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What is psychobiology?
The study of brain behavior or behavioral neuroscience
uncontrolled proliferation of WBS'c in bone marrow
How does HIV replicate?
killing the CD4 T-cell and releasing copies into the blood
HIV is what?
Retrovirus that selectively attacks the CD4 lymphocytes and destroys the immune system.
What is the cell count of AIDS?
<200 CD4 count
What happens to CD4 count in HIV?
- the count decreases and cannot be replaced.
- as it decreases- risk of opportunistic infection and death increases
What happens in Diverticulosis?
mucosal layer of the colon herniates through the muscularis layer
diagnostic tests for diverticulosis?
- guaic stool
- barium enema
- CT scan
signs/symptoms of diverticulosis
- severe constipation
- lower left side abdominal pain
- abdominal rigidity
- elevated WBC count
- occasional rectal bleeding
- may have no symptoms
What intestinal disorder is caused by fecal contaminated food and water?
Dysentery=inflammation, abd pain, straining and blood and mucous in diarrhea
what is bacillary dysentery?
- Can be mild,sudden, severe or fatal
Characteristics of Shigella?
- Fluid loss and dehydration
- large intestine ulceration (advanced stage)
treat with antibiotics, fluid replacement, blood transfusion
What causes Amoebic Dysentery?
how is Amoebic dysentery diagnosed?
what causes diverticulosis?
most common >60
- severe constipation
- lack of fiber
- lack of nutrients from diet
- bacteria from food becomes trapped in pouches
What is ALS Lou Gehrig's Disease?
Amytrophic Lateral Sclerosis
neurologic disorder that selectively affects motor function
progressive muscular atrophy
Progression of ALS?
- -progressive weakness in distal muscles of one upper extremity
- -then regional weakness
- -then multiple limbs and head
- -then palate, tongue,neck (can't swallow)
- -then cranial nerves and death
Survival period of ALS?
2-5 years from onset
What is erythropoietin?
Hormone mostly formed in kidneys that regulates differentiation of RBC's in bone marrow
How is erythropoietin synthesized?
stimulated by hypoxia
what is ARDS?
Acute Respiratory Distress Syndrome
inadequate exchange of O2 for CO2 in Lungs
What does fluid have to do with ARDS?
Edema accumulates in interstitial spaces which leads to Bilateral Pulmonary Edema (w crackles)
fluid buildup prevents O2 from getting into Lungs and Blood
Lungs become heavy and stiff
What acid is a problem with GOUT?
it builds up in the blood and causes inflammation and crystallization in the synovial joint of toe or knee or ankle joints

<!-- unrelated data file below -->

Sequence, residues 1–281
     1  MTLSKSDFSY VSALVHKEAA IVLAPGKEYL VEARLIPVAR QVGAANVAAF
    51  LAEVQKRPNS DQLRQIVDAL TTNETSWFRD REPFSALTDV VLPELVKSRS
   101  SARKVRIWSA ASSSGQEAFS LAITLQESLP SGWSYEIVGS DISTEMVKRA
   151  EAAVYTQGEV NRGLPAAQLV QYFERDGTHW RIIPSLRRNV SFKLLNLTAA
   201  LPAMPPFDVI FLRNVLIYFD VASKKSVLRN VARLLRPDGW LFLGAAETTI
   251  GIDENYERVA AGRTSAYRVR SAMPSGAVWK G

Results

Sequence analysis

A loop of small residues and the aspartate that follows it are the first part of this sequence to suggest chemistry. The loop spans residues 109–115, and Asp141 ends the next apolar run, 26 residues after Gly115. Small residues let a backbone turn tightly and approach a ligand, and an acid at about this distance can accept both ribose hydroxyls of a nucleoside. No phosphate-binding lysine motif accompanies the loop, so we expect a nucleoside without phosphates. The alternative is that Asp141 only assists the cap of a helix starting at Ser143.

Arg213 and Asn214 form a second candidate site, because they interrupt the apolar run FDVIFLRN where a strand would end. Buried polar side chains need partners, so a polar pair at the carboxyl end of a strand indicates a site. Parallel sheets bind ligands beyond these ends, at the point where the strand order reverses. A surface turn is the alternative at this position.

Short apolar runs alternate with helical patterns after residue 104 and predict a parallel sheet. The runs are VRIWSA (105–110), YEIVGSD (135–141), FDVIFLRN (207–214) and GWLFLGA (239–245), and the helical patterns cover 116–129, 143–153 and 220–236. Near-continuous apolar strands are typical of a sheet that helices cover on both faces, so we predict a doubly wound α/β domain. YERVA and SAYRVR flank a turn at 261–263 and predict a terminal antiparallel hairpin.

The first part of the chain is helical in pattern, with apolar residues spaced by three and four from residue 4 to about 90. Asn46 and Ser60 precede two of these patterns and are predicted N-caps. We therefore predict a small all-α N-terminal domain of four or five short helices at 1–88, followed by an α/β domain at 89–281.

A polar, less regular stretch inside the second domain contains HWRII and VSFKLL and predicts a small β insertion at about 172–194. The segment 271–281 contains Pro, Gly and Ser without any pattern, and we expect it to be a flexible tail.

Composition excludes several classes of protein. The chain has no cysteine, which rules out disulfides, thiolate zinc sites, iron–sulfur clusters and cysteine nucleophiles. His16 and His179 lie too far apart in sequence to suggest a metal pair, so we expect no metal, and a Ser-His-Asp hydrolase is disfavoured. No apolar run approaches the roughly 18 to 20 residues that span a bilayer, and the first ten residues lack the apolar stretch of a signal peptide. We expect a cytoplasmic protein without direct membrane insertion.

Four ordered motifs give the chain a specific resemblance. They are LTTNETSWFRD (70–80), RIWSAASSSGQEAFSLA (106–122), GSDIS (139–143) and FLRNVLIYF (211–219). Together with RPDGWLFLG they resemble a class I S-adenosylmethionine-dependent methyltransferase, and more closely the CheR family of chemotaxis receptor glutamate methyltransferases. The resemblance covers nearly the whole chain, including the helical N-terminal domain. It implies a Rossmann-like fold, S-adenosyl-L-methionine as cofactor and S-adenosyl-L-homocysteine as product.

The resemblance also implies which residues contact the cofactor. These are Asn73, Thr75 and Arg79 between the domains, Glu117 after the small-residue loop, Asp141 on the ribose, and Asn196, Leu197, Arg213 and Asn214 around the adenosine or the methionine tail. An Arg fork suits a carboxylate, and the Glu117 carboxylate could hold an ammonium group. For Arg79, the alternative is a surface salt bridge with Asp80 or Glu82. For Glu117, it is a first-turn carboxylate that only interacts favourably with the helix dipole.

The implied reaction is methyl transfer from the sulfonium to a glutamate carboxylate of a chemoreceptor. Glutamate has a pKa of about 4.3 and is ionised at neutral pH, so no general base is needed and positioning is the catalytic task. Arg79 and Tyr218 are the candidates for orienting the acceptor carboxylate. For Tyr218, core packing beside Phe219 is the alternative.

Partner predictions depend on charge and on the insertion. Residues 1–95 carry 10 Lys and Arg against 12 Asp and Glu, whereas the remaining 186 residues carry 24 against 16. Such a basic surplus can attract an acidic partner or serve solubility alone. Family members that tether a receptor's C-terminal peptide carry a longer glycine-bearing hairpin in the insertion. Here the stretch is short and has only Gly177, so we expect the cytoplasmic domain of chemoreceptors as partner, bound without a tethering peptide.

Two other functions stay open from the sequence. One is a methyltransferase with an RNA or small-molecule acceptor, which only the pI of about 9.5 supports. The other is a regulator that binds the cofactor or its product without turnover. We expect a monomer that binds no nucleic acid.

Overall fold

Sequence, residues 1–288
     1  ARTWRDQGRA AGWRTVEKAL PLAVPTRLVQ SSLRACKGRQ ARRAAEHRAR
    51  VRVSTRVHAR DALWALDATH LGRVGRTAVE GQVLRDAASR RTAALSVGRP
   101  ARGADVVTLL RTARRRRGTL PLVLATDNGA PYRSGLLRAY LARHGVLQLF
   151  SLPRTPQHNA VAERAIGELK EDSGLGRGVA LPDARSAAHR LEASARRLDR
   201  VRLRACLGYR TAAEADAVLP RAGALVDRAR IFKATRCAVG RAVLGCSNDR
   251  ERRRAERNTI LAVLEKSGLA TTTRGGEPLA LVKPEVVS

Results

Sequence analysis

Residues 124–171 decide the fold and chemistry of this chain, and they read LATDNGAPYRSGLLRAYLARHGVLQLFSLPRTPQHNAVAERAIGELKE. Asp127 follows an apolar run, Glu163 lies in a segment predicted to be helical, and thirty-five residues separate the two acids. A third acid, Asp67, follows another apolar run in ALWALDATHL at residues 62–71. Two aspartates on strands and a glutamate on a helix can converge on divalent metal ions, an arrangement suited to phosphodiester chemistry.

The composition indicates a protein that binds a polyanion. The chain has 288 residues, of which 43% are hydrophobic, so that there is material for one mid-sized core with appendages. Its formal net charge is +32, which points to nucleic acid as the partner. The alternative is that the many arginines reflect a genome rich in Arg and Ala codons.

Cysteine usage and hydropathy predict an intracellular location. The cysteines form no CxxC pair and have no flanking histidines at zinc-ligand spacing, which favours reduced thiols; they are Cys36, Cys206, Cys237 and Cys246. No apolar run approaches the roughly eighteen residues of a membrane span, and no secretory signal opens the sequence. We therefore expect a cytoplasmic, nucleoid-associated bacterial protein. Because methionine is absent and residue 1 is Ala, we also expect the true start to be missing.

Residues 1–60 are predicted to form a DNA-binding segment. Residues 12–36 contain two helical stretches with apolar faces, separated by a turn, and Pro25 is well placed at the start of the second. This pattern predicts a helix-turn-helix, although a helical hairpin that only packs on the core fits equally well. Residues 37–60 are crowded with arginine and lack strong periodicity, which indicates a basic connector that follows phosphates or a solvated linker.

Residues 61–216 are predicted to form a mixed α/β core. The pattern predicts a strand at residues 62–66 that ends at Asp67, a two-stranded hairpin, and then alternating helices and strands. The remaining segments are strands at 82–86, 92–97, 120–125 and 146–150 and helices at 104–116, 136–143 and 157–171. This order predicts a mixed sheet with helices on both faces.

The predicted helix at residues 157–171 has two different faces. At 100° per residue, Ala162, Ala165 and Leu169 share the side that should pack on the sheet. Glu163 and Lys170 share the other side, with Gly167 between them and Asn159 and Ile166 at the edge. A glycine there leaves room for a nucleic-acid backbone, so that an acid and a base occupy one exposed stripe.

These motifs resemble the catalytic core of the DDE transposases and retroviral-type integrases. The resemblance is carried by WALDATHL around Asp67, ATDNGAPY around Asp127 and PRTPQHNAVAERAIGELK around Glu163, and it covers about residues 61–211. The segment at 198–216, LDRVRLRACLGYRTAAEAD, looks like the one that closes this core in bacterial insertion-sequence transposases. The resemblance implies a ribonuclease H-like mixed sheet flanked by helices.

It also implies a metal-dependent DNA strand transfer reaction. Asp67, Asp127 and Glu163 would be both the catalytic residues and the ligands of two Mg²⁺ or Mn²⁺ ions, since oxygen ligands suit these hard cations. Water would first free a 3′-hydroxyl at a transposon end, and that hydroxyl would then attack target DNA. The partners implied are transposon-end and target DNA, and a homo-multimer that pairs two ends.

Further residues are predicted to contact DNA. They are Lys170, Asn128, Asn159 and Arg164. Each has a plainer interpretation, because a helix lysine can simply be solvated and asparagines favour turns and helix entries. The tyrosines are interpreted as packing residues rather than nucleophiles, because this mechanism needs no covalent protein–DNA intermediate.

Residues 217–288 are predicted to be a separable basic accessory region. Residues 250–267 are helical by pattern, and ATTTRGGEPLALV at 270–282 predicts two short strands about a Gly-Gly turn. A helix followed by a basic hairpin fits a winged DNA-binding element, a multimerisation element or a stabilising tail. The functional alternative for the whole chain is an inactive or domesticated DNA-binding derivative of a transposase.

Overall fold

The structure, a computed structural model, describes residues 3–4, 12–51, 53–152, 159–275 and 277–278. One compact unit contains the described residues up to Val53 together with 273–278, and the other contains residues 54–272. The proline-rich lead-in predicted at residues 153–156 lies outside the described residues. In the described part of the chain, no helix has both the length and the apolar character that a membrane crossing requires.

What is an acute complication of DM?
- Diabetic ketoacidosis
- hyperglycemia (BGL>250)
- metabolic acidosis
What is diabetes mellitus?
disorder of protein, carbohydrate, fat metabolism
imbalance between insulin availability and need
Type I Diabetes?
- childhood onset
- loss of Beta cell function
- insulin DEFICIENT
Type II Diabetes?
- usually adult onset
- impaired beta cell function
- Insulin RESISTANT
increased hepatic glucose production
What are the two types of Type I Diabetes?
1A- immune mediated beta cell destruction
1B-idiopathic-strongly inherited- common in African Americans
What is hypoglycemia level?
Chronic complications of DM?
- foot ulceration
decreased response to ADH
- large urine output + excessive thirst
- (unable to concentrate their urine)
What happens in Neurogenic Diabetes Insipidus?
deficit of synthesis and release of ADH
(head injury or surgery near hypothalamohypophyseal tract)
What happens in Nephrogenic DI?
kidneys do not respond to ADH
(genetic trait or drugs like lithium or electrolyte deficiencies)
What is Addison's?
primary adrenal insufficiency of adrenal cortical hormones
which disorder requires lifelong hormone replacement and destroys all layers of the adrenal cortex?
- ACTH levels are elevated bc no feedback inhibition
what are some causes of Addison's?
- Fungal infection
- open heart surgery
symptoms of Addisons?
- poor tolerance to stress
- limited ability to fight infections
- decreased CO
- salt craving
Acute Renal Failure?
- abrupt decrease in renal function
- sufficient enough to result in retention of nitrogenous waste and disrupt fluid and electrolyte
biology dealing with relations btwn body and behavior
- especially as shown thru nervous system
- receptors and effectors
What is Parkinson's?
- degeneration disorder of basal ganglia =
- tremors, rigidity, and bradykinesia
degeneration of Dopamine neuron
What do we do for ARDS patient?
- Elevate head 30+ degrees
- lung sounds ventilation
- ABG suction
- monitor for hypoxemia fluid/electrolyte
- kidney output
what happens with Asthma?
- chronic inflammatory reactive airway disease
- airway: congested with mucus
- smooth bronchioles constrict
- alveoli air trapping
What is emphysema?
- destruction of alveolar walls
- abnormal enlargement of gas-exchange airways
- loss of elastic recoil
- no fibrosis
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